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  1. #1
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    flat pedals and hamstring injury??

    I've been dealing with a bad hamstring for well over a year. I rode nothing but clips for nearly 10 years prior to switching, so I'm wondering if changing the role my hamstrings play has caused an issue? My injury didn't come on right away, in fact I rode nothing but flats for well over a year before this happened. There may be zero correlation and my bad hammy is due to age and chronic use? Anyone else experience this?

  2. #2
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    Depends on what it is: say if a minor strain then classified as a grade I tear, whereas a complete rupture, or tear, is classified as a grade III tear. Grade II tears are partial ruptures and you should look at treatment.

    Usually it heals without surgery. But in rare circumstances, a complete rupture at the ischium or where significant piece of ischial bone is jerked away then inevitably surgery is needed.

    The right treatment consists of rest, ice, compression, and elevation (RICE). It's important that you understand: Rest refers to avoiding offending activities and oftentimes includes immobilizing.

  3. #3
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    Thanks for the info wallstreet.My question isn't so much about rehabilitation, but whether or not riding flats has brought it on?

    I've done a lot of research over the past year, it's grade one I'm pretty sure. It started as a stiff muscle and escalated to a rip that had me limping and forced me off the bike for a month. That happened last December, and has been an on going thing ever since. No more pain, but the muscle isn't right and I know if I pushed it hard it would rip again. My other leg muscles are strong and resilient. I'm wondering If riding flats has created an imbalance? I'm 37 and have been riding often for 13 years so this may just be my body showing the wear. That's kind of what I'm hopping for because I prefer flats. I'll be back on clips in a second if flats are the root of my issue though.

  4. #4
    dwt
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    This might be totally irrelevant, but I sustained a grade 2 tear left leg waterskiing 2 years ago. It hurt to walk but I could ride my bikes, road and mtb just fine, with some discomfort up high near the glute. All my bikes are clipless. IOW, injury not sustained while riding, but did not impede riding clipless.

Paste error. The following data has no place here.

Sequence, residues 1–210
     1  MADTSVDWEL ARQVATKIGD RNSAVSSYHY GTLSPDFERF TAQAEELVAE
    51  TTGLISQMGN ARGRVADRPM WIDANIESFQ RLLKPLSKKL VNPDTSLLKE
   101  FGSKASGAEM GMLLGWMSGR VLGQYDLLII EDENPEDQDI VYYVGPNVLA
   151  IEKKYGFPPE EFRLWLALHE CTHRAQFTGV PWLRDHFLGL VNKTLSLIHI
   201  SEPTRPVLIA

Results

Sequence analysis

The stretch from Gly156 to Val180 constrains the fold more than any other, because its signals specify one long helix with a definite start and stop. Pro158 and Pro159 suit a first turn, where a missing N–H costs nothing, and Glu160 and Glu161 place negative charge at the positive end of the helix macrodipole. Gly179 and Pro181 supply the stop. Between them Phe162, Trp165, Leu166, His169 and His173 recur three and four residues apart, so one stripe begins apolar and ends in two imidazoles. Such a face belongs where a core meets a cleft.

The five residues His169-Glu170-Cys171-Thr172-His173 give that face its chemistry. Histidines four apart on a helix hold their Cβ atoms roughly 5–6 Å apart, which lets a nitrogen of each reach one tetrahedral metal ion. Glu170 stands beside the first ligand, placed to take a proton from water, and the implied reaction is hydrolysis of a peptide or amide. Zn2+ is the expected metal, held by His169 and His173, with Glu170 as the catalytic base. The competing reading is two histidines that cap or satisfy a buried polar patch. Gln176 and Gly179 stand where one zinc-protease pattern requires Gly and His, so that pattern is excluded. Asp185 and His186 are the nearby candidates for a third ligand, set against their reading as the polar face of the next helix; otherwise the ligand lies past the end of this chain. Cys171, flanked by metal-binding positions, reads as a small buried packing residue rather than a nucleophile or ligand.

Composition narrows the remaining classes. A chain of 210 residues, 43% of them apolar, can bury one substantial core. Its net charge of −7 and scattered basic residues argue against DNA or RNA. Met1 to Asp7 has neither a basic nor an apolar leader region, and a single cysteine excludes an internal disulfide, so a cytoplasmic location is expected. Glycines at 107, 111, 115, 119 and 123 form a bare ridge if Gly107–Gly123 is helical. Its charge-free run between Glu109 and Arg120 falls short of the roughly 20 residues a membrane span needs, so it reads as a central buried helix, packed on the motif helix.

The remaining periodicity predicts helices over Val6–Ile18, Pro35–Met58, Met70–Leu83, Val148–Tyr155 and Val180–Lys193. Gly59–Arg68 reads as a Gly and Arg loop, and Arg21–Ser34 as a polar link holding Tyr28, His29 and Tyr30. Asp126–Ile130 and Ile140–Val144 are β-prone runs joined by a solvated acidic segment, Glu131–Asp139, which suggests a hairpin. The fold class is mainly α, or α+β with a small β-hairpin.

Damned if I know whether that helps you.

    Note it took more than a year for that sucker to heal, though I pretty much
    never rested it. Not a recommended injury


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  5. #5
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    Perhaps it is an issue with saddle height or fore/aft position? Both factors are affected by different pedals. I ride flats and experience hamstring pain, but only if I do not stretch properly before and after a ride.

  6. #6
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    Quote Originally Posted by rogbie View Post
    Perhaps it is an issue with saddle height or fore/aft position? Both factors are affected by different pedals. I ride flats and experience hamstring pain, but only if I do not stretch properly before and after a ride.
    I've wondered that. I've been running my saddle moved as far up as possible to negate slack seat tube angles for many years now so I don't think that would all of a sudden cause issues? Saddle height may be an issue? I used to work at a shop and had my saddle height dialed in when I was clipped and found I was running my saddle a hair too high. I've been on flats for 3 years now, no longer work at a shop, and have changed frames, pedals and cranks a few times since I was fit. I've assumed I can just tell where the right saddle height is after being fit, but I may be reverting back to my old tendencies to run a slightly higher than perfect height. I went to one of the shops in town and asked for advice. I was dissuaded from getting fit because of flats. Like most on this forum, I run my saddle a little low for pedaling tech, slam it to the rails for DH, and jack it up for dedicated climbs, and because of flats, my feet may not be in the exact position all the time like clips. A pro fit only goes so far when that's your riding style.